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Faster than a speeding bullet! Or at least, faster than Time Warner. Google’s new 1 Gbps network so far appears to be more than 35 times faster for downloads than average U.S. broadband speeds, but Google’s ambition is to provide 100 times faster speeds, especially to homes and small offices where entrepreneurs are creating start-up companies.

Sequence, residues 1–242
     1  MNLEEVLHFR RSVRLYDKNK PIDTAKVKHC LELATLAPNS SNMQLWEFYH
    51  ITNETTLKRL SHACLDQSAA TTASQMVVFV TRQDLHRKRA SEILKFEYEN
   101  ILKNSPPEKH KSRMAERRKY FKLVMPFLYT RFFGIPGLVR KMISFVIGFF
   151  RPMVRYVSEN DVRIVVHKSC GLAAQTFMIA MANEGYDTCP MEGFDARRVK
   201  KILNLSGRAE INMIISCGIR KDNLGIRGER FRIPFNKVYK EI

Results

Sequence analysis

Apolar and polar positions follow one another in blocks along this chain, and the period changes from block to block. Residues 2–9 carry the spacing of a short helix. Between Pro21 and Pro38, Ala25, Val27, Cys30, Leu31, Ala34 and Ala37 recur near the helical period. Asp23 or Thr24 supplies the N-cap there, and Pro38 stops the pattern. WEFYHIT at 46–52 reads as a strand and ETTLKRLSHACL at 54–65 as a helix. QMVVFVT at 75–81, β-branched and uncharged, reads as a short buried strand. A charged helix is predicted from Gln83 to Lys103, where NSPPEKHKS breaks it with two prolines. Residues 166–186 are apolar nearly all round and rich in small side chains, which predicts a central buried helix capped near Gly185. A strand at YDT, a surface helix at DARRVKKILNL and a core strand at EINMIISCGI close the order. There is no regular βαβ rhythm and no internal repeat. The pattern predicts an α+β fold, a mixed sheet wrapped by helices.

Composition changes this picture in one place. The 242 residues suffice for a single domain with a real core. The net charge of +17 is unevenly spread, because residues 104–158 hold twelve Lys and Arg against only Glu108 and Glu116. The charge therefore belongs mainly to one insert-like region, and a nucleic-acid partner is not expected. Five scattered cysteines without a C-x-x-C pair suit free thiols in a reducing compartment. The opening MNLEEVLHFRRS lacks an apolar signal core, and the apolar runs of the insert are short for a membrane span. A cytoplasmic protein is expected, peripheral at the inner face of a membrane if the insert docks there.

Over the past two or three years, the nation’s top cable firms have made a concerted effort to target small and mid-size businesses for voice telephone service. As a result, the business has gone from zero to more than five million subscribers and the prospects for future growth are bullish, says Elroy Jopling, an analyst with Gartner, the Stamford, Conn. research firm. “It’s growing at a rate that’s probably even astounding to cable companies,” Jopling says. The traditional telephone companies still have a lot of the pie left, though. According to The Yankee Group, of Boston, the top cable companies — Comcast, Cablevision, Time Warner and Cox Communications — have a total of six percent of the small business market versus 31 percent for the top telecom vendor, AT&T. Advantages of cable The cable firms have a big advantage over telecoms for now though: While the latter have refrained from promoting their cheaper voice over Internet Protocol (VoIP) service for fear of cannibalizing sales, the cable firms are all about promoting VoIP as an add-on to broadband service. Why? For the cable firms, voice revenues are seen as an additional source of income while phone companies see VoIP as a threat to their bottom line. Either way, however, VoIP is a cheaper option. Small businesses that opt to go with cable firms for their voice service find their monthly bills are about 10 to 15 percent cheaper than with plain old telephone service a/k/a “POTS.” Moreover, few take any issue with the voice quality, especially Mike Arden, principal analyst with ABI Research, of Oyster Bay, N.Y. Arden says that quality is mainly a problem when you contract with third parties. “The really inexpensive services can’t control the quality,” he says. There are two ways to get VoIP service. One is to get a hosted service. The other is to install a PBX router over a broadband line. Arden says in each case, the grade of voice reception depends on the amount of bandwidth. Arden added that his research showed that small businesses often gravitated to cable-based VoIP so they can get more features for the same price as basic POTS, not necessarily because they wanted to save money. Such features include things like unified messaging that let employees keep voicemails on their desktop PCs as audio files. Voice as an add-on to a broadband buy Cablevision, the Bethpage, N.Y., cable operator, began offering voice service in 2005. Joe Varello, vice president of product management for Optimum voice in the consumer and business markets for Cablevision, says it’s digital, cable-based voice service is better than POTS. “You don’t experience some audio anomalies like static and hum,” he says. Varello says voice is most often an add-on service to a broadband buy. With such service, voice usually costs about $30 a line per month and customers usually opt for features like voice mail, Caller ID, call waiting and a feature called VIP Ringing, which emits a special ring for notable callers (like a respondent to a sales pitch). Most customers also usually have a PBX box in house to handle the call routing. Gerard Cerniglia, co-owner of Rolling Thunder Cycles, a Hempstead, N.Y., motorcycle dealership, signed up with Cablevision about a year ago for his voice service. His impetus was buying broadband from the cable, after he tried DSL from a telephone company but found it too slow. He thought cable was too expensive, but when he found out he could get voice as part of the package, he was sold. Now he gets all his voice calls for $35 a month and is thinking of adding a line for the seven-person operation. Cernigilia said the voice quality is great. “I’ve never had a problem with it,” he says. On the other hand, Jopling points out that the telecoms have a tremendous asset in their favor: inertia. “If you’re starting from scratch, you’d probably go for cable,” says Jopling, “but if not it’s a case of ‘if it’s not broken, why fix it’?”